Today, Friday, September 20, people of all ages are taking to the streets to demand immediate action on climate change from our leaders. Climate change will cause the forced migration of many millions of people over the course of this century, and the bulk of those displaced will have played little role in the emissions responsible for this crisis. Forced climate migration may arise from two broad types of impacts. Extreme weather events, including floods, typhoons, hurricanes and other weather phenomena will lead to immediate losses of homes and livelihoods. Long-term climate processes, on the other hand, include sea level rise, chronic drought, extreme heat exposure, and food insecurity and may render large areas practically uninhabitable. In the most dramatic cases, entire nations may be literally wiped off the map by sea level rise, a reality forcefully communicated by the Alliance of Small Island States during the drafting of the Paris Agreement that spurred inclusion of language seeking to limit global warming to 1.5 C above preindustrial levels.
The window for achieving that ambitious target is rapidly closing. Our current trajectory would result in 3-4 C of warming by 2100, a level of warming that would make large regions of earth uninhabitable by human beings. Amidst all of this, xenophobic rhetoric and anti-refugee policy shifts among many of the nations with the greatest culpability in the climate crisis is the height of cruelty and inhumanity.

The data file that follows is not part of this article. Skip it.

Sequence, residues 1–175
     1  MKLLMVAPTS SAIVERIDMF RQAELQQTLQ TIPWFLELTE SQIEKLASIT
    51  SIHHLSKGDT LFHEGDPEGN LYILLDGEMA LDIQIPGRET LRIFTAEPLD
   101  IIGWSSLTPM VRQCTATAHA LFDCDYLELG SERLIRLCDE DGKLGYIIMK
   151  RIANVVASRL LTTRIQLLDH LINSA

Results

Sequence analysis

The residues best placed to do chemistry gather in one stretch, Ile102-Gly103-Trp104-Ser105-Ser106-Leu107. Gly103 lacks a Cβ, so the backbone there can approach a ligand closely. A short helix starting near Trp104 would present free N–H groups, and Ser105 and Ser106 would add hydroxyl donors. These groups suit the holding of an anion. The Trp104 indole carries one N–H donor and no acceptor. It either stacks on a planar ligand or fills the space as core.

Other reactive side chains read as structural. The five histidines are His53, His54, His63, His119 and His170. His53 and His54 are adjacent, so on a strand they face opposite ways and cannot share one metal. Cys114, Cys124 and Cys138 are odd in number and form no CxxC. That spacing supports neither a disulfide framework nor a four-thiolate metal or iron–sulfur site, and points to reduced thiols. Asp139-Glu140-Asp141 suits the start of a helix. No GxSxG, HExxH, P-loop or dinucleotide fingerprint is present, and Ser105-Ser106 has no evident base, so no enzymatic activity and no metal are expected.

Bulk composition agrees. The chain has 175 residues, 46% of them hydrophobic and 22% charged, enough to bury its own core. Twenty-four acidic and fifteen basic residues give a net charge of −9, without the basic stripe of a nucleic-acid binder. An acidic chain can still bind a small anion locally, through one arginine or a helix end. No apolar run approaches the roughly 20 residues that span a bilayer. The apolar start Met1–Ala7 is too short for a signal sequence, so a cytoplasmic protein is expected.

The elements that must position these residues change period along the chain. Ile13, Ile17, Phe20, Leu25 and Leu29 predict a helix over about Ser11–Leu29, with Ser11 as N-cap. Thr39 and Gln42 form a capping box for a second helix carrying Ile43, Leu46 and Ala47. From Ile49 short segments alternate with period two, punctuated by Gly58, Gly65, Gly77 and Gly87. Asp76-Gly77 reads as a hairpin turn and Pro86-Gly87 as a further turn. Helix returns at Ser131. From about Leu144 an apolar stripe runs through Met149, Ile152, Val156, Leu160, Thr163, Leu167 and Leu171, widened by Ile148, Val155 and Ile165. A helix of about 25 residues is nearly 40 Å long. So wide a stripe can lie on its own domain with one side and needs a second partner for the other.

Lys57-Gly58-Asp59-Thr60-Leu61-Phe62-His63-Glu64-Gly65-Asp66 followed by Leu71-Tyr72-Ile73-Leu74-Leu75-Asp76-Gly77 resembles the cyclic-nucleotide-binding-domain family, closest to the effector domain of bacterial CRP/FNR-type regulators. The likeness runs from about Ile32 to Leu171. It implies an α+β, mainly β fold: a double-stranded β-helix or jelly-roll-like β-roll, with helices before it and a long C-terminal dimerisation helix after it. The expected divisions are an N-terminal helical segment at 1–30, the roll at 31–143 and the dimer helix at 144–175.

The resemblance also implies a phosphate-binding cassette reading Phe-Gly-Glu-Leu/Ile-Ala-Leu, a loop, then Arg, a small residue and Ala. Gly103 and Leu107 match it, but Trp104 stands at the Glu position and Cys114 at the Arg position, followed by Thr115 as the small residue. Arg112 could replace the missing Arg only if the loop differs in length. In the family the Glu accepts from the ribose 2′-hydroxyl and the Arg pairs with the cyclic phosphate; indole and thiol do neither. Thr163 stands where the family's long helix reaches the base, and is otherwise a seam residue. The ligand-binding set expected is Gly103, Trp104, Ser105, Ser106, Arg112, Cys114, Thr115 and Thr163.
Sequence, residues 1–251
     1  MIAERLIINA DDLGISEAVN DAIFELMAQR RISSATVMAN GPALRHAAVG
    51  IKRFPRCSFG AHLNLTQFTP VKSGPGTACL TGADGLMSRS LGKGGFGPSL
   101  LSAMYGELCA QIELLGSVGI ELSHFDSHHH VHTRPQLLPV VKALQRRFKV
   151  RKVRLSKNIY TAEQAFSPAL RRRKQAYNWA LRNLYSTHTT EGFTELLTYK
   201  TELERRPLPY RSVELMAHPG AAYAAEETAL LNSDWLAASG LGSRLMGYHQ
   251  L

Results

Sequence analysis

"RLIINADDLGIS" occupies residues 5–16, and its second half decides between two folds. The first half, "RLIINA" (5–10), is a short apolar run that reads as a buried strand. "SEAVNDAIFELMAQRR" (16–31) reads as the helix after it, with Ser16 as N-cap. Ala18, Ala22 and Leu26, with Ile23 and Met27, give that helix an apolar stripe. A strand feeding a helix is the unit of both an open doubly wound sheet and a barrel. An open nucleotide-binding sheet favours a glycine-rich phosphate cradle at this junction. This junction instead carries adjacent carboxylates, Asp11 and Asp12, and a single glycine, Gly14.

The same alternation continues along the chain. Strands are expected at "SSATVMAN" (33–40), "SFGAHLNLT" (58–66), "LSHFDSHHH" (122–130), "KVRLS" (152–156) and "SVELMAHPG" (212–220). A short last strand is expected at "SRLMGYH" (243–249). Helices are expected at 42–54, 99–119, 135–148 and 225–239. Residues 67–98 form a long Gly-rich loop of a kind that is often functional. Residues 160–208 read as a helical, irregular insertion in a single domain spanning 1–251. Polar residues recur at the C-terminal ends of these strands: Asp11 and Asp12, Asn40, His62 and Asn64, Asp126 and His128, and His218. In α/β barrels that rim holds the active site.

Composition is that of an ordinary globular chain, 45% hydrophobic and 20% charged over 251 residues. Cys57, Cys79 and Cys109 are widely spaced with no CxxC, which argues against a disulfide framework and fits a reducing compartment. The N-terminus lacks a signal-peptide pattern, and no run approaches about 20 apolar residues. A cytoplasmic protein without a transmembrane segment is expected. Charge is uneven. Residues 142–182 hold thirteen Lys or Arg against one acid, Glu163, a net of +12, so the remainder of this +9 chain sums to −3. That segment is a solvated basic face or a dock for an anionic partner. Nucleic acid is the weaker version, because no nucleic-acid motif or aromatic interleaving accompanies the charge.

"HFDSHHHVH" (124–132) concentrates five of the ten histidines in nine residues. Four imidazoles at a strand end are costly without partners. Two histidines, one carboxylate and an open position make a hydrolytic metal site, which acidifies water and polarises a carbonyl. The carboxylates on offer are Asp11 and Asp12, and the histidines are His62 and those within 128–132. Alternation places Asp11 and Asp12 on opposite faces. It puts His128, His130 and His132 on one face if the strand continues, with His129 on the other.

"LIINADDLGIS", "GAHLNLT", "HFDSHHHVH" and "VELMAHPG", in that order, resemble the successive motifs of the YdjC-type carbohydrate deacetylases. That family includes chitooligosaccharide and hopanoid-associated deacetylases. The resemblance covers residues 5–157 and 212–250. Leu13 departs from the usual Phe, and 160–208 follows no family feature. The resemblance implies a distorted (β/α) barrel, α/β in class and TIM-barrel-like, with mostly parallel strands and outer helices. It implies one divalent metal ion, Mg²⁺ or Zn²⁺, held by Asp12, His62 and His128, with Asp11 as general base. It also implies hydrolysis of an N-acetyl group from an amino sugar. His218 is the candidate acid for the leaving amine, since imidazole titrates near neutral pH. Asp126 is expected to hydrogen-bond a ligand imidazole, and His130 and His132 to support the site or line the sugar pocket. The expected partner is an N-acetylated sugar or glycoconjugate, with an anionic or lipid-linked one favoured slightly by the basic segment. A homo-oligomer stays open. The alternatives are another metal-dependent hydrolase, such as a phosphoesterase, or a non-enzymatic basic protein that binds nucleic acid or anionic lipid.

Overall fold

Here at KIAC, we work with many families who fled their home countries due to conditions beyond their control, and we know that climate change will continue to exacerbate this. We must call our leaders to account in order to reduce the disproportionate and devastating effects on vulnerable countries. We must also recognize our role as a nation and explore ways to welcome those whom we have contributed to displacing. Please stand with KIAC and with millions of people around the world today and demand policy change at the highest levels of our governments.
**For more information or to see the source of most of this information, see:
Brown, Oli. (2008) Migration and Climate Change. International Organization for Migration Research Series, No. 31. IOM, Geneva, Switzerland.